There is huge potential for the growth of confusion, terrorism and hatred throughout the world and even in our own country. There are always people who are willing to say that they will help us to achieve our objective. Let us hope that as a result of the disaster, we will all agree that no country will support terrorism in any circumstances, and that we will all fight together for freedom. We must get away from the appalling situation in which countries that are strong and powerful think that they have all the answers for the rest of the world. If we showed some humility and common sense, some good may come out of an appalling situation.
Mr. Mohammad Sarwar (Glasgow, Govan): I am grateful for the opportunity to discuss the crisis today. Many of my constituents serve in our armed forces. I pray for their safety and for their families at this time.
Let me make it absolutely clear that the war is not between the west and Islam or between Christianity and Islam. Muslim communities across the UK and Muslim leaders around the world all condemned the terrorist attacks last month. We are all united in our fight against terrorism and want to remove its threat everywhere.
Yesterday, I visited Annandale street mosque in Edinburgh, the scene of a recent fire attack. I gave the message that the Prime Minister has expressed solidarity and support with Britain's Muslims and condemned acts of hatred against them. That view is shared by all political parties and leaders in Scotland and Britain.
We should be firm on terrorism, but also firm on the underlying causes of terrorism. The Prime Minister outlined his vision of the world in his conference speech, where he emphasised the peaceful resolution of conflicts and the eradication of poverty. For that vision to become reality, we need to address long-standing issues in Palestine and the dispute between India and Pakistan. We need to re-examine our policy of sanctions against Iraq. The Iraqi people have suffered, while Saddam Hussein has been strengthened.
We must remain united against terrorism. Terrorists and those who support and harbour them must all be brought to justice. To that end, we must develop a proper international framework. An international court should deal with charges against individuals and states accused of terrorism. We must also give serious consideration to the repercussions of military action against Afghanistan. The whole region is facing severe destabilisation. We face the most miserable refugee crisis in history. Seven million people face starvation in Afghanistan, and aid must reach them.
It is not disrespectful to question America's international policy. If the United States treated everyone equally, it would rule the world not by military might, but by winning hearts and minds. An even-handed, neutral approach in areas of conflict would, in time, replace hostility with genuine affection and respect for the USA. The potential exists to make that change.
Lessons must be learned from our previous involvement in Afghanistan. We supported the mujaheddin against soviet aggression and armed groups against the invaders. One million lost their lives in the struggle against Russia. The war cost Afghanistan millions of lives, total ruination of the modest economic infrastructure and devastation of its towns and cities. The country had been bombed back to the stone age by the Russians during their 12-year onslaught. With the withdrawal of the Russian forces, the power struggle among different warring groups in Afghanistan degenerated into total chaos.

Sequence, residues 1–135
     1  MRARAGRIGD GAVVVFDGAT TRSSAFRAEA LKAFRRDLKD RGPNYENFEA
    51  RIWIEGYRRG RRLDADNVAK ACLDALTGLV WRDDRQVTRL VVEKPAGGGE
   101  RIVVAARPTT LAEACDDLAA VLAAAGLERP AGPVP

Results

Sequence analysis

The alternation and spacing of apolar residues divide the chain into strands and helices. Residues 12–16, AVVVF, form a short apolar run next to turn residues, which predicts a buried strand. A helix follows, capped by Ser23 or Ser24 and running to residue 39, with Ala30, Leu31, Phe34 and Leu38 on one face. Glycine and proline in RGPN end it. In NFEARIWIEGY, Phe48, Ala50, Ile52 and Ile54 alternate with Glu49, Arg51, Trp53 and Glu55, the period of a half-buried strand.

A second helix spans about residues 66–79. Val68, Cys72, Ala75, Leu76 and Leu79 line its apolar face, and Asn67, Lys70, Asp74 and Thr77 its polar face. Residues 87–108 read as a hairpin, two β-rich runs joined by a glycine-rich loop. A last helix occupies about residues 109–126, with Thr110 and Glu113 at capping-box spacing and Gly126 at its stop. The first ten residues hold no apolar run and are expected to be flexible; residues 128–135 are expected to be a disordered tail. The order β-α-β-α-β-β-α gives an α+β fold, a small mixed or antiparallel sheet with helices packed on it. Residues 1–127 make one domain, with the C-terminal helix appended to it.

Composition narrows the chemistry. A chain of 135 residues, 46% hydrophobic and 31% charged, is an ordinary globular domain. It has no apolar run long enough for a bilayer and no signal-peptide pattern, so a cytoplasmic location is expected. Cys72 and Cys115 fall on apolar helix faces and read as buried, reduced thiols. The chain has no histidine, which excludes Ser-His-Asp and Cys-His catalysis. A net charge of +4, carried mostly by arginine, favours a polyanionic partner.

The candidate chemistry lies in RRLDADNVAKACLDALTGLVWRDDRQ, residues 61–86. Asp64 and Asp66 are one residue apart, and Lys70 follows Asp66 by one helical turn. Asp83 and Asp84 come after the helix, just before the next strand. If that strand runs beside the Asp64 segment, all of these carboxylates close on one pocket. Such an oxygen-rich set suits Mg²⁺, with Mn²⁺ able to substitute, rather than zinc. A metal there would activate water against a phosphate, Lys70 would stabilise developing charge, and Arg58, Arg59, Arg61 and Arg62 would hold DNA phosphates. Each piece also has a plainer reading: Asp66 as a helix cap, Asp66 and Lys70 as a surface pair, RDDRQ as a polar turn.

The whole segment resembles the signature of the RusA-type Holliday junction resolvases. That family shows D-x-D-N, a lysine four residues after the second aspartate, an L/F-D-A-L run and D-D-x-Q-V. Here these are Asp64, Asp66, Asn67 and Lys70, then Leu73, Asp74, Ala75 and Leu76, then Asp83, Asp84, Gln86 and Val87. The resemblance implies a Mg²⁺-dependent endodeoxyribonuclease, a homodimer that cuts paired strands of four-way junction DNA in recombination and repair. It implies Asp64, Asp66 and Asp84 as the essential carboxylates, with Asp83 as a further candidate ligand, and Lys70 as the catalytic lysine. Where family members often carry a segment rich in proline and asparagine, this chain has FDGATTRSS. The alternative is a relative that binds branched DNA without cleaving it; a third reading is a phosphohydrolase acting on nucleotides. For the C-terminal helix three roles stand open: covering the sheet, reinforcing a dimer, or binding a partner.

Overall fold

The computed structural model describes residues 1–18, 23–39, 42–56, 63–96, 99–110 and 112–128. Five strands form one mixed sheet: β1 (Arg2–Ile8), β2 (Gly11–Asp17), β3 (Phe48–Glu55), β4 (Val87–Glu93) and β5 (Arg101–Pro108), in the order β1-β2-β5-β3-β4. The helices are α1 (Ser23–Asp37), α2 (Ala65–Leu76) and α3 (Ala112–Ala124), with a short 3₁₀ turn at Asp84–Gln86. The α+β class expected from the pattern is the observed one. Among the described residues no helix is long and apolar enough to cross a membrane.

When the soviets left, the west also walked away. What has happened in Afghanistan during the past 12 years is the result of the west and the USA turning their backs on both Afghanistan and Pakistan after the destruction of communism. Had we adopted an objective policy based on the long-term interests of the region and helped Afghans to rebuild their devastated country, the Taliban would never have come to power in Afghanistan. An economically viable and developing Afghanistan would never have been a safe haven for terrorists or extremists of any denomination.
I urge the Government to reach out to moderate, progressive and liberal forces in Afghanistan and Pakistan. Not only should we seek allies among ruling leaders, but it would be of great benefit to build a bond of trust with ordinary people.
The abject poverty facing the refugees represents a huge burden on countries such as Pakistan, where there are currently 2 million to 4 million Afghan refugees. That is underlined by the decline in living standards and widespread poverty among Pakistan's citizens. General Musharraf has taken a bold step in siding with the United States. Measures must be taken to show the people of Pakistan that that decision is in their interests. Recent moves to lift sanctions and extend payments are a start, but on their own, they are nothing.
The crippling burden of debt must be lifted from Pakistan. Debt should not simply be rescheduled; it should be cut. That is the only way forward. Reduced debt would allow real progress to be made in alleviating poverty for millions of people, and it could help deliver basic education and develop decent health care for the poorest people in Pakistan.
Without real benefits, support for America will lead to dark days, not only for President Musharraf and his Government, but for all the people of Pakistan and Afghanistan. Support for terrorism will be strengthened where we fail to lift people out of poverty, deprivation and injustice, whether in Afghanistan or elsewhere. That is the real fight that we face.